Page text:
“I haven’t taken my medication for a month. You’ve saved my life.” On the outskirts of Kramatorsk, the news that the Russians have taken Lyman, 40 kilometers to the north, has arrived just two hours ago. Next target: Slavisansk, the last exit from Severodonetsk and the gateway to Kramatorsk. Hundreds of civilians are still trapped in the middle: those who do not want to leave and those who cannot.

“I have Parkinson’s, I’m alone and if nobody brings me the pills, I die. I die.” Catherine’s hands shake as tears fall on them. In the sky missiles and artillery roar while the siren does not stop sounding. On the other side of the door, tulips and lilies planted a few weeks ago color the landscape.

A few streets away, near the bombed-out factory, Liuba and Valentina are relieved to receive a package of diapers. They are for Liuba, who cannot get out of bed. The mattress is soaked with urine, the air is unbreathable. On the bedside table, a bowl of stale soup. In the kitchen, an old stove. “Here there is practically no food. And what little you find costs gold. Gas has also been missing for weeks.”

Welcome to the hell of Donbas. “Why am I staying? Because I have to take care of these people.” Elena goes back and forth between the help center and the neighbors’ houses. Who left him the keys. Those who have stayed ask him for help to get the food packages.

“Look what I wrote on Facebook.” Open your profile on the phone. Blue sad eyes. She says that she has diabetes. “I have to treat myself with insulin.” She in a long post she describes the conditions of the houses of which she has become a guardian. “Some are destroyed. Others are still standing and I try to keep them alive, I feed the dogs so they don’t become dangerous. In one of them I watered the flowers so that at least something remains.”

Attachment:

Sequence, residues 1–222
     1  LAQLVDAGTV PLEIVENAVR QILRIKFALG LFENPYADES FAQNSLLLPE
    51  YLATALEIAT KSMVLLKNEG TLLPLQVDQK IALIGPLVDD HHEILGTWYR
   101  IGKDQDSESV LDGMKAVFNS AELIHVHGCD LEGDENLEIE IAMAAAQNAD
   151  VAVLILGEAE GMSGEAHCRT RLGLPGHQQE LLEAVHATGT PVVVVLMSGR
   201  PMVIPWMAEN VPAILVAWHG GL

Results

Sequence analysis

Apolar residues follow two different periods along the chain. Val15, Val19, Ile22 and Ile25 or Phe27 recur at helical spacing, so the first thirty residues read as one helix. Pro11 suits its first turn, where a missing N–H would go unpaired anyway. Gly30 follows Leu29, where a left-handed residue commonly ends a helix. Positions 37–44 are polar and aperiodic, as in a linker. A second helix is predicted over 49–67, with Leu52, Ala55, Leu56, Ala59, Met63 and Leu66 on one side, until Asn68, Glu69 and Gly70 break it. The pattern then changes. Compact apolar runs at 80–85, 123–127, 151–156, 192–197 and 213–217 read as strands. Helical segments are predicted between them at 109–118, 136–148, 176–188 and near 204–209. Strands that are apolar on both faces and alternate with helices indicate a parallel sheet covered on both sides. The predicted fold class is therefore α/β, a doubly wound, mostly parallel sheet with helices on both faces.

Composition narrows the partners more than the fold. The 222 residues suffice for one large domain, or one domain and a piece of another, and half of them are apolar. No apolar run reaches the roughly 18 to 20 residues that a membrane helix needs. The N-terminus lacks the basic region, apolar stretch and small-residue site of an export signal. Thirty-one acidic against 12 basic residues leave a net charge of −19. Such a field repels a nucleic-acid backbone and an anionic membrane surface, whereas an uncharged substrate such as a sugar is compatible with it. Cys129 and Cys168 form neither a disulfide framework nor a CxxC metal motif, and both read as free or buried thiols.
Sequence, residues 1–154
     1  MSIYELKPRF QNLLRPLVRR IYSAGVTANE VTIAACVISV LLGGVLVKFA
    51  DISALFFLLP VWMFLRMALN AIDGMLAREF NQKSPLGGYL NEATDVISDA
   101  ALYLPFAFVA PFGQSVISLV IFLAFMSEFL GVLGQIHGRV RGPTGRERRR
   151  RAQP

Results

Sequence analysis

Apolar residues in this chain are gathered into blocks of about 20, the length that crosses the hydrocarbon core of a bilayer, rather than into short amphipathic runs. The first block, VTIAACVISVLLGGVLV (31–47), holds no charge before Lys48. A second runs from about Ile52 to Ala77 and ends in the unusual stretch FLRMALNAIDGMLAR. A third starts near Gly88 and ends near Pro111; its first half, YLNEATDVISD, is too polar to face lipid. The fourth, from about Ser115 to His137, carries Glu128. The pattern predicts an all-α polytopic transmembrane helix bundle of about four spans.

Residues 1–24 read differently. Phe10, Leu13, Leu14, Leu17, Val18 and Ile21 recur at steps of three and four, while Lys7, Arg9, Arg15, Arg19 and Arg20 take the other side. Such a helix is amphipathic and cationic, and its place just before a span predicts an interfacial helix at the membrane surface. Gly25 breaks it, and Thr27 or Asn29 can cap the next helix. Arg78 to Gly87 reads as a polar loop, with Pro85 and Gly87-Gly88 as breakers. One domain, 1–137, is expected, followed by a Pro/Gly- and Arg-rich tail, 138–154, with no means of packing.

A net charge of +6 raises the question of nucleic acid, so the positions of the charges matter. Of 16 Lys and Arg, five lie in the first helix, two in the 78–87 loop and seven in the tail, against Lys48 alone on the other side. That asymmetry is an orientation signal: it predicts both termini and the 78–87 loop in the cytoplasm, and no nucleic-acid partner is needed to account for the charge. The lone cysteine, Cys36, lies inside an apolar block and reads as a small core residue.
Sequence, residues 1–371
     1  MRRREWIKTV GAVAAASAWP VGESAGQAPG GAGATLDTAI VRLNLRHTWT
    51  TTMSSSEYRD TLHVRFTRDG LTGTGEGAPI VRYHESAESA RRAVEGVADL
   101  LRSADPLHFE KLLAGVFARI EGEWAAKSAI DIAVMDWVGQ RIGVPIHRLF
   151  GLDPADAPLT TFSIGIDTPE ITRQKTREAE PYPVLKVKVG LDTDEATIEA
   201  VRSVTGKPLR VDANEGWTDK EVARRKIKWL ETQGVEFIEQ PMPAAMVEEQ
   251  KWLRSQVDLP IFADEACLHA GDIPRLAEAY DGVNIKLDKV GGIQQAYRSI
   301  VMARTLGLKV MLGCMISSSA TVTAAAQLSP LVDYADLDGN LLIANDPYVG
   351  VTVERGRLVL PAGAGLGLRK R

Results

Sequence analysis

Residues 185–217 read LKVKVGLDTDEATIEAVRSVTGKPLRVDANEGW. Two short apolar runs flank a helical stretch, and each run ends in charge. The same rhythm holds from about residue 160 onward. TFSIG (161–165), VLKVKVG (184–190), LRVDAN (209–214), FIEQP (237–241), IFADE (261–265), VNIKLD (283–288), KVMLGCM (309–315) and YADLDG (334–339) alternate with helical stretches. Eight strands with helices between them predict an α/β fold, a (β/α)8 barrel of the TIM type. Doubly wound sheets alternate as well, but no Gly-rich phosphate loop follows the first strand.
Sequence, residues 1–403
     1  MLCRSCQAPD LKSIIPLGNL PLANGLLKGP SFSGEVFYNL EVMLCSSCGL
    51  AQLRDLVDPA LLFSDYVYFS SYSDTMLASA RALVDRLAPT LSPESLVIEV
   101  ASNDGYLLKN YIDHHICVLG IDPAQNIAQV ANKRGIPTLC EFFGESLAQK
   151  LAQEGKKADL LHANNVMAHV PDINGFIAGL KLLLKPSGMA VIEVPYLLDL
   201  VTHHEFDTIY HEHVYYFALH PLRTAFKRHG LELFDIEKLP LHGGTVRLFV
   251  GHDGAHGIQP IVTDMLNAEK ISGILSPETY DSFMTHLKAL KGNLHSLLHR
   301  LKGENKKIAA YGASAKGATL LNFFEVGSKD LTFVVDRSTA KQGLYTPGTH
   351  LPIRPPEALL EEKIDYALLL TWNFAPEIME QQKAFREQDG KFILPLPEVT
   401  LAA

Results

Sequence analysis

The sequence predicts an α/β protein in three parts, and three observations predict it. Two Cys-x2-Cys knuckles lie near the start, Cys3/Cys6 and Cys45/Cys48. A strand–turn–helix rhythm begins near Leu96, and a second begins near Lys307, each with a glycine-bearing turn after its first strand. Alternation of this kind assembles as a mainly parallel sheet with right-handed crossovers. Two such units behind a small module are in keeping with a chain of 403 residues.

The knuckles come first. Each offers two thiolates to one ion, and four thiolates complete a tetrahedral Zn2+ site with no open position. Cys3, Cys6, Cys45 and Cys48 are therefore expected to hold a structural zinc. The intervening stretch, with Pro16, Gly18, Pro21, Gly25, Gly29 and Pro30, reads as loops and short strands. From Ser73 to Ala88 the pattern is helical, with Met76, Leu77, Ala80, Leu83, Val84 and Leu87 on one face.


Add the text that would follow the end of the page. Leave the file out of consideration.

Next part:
But there are not only houses to take care of. A little boy on a bicycle passes by on the road. “He’s the son of a friend of mine, he didn’t want to go with his mother. And now I’m keeping an eye on him…”. He hasn’t finished the sentence and another roar shakes the ground. We went down with her to her shelter. “I made it just in case,” she says proudly. She then turns to a chair. “We made a hole in it and put a bucket under it. So we also have a bathroom. And we are willing to stay here even for a month, if necessary.”

In the center, at the station, the same one where 57 people were killed by two missiles when they tried to escape, on April 8, there are still signs of the explosion on the ground. Across the square, the Celentano restaurant is closed. “I used to work there as a waiter, now I drive reporters to the front,” explains Sergey.

At the checkpoint at the entrance to the town, a soldier asks where we are going. “Welcome to Kramatorsk, this is already front line, don’t you know?” he jokes. For the Russians, the road to Kramatorsk is still long, but “if it continues like this, they will be here in two weeks,” Sergey predicts. “I want to go to Lugansk, on the Russian side.”

A woman in her 70s approaches the car. She asks us to roll down the window. She very nervous. “Why do you want to go to the other side, are you crazy, Grandma?” asks Sergey. “I don’t care if they’re Russian or Ukrainian. I’m starving here.”

Kramatorsk, a ghost town, with all the shops closed but with municipal workers trimming the trees “so that they at least have something to do,” says Alexander Ivanov, a volunteer at Tato hub, an NGO that distributes aid. Kramatorsk welcomes the last escapees from Severendonetsk, the new Mariupol, to which the Russians are tightening the rope.

“I’m worried about Tiopa, she hardly eats anymore.” Anatoli Alexandrovic hugs his tabby cat. He is 75 years old, he has arrived this morning and now he is about to get on the bus that will take him to Dnipro. “I had to leave or Tiopa would not have survived. He has been my partner for the last 16 years, ever since my wife died.”

With him will travel Tatiana and Svetlana, who support each other. Old women, alone, scared. “We don’t have a home to stay in. We stayed even after 2015. We have always resisted. But not anymore. This is too much.”

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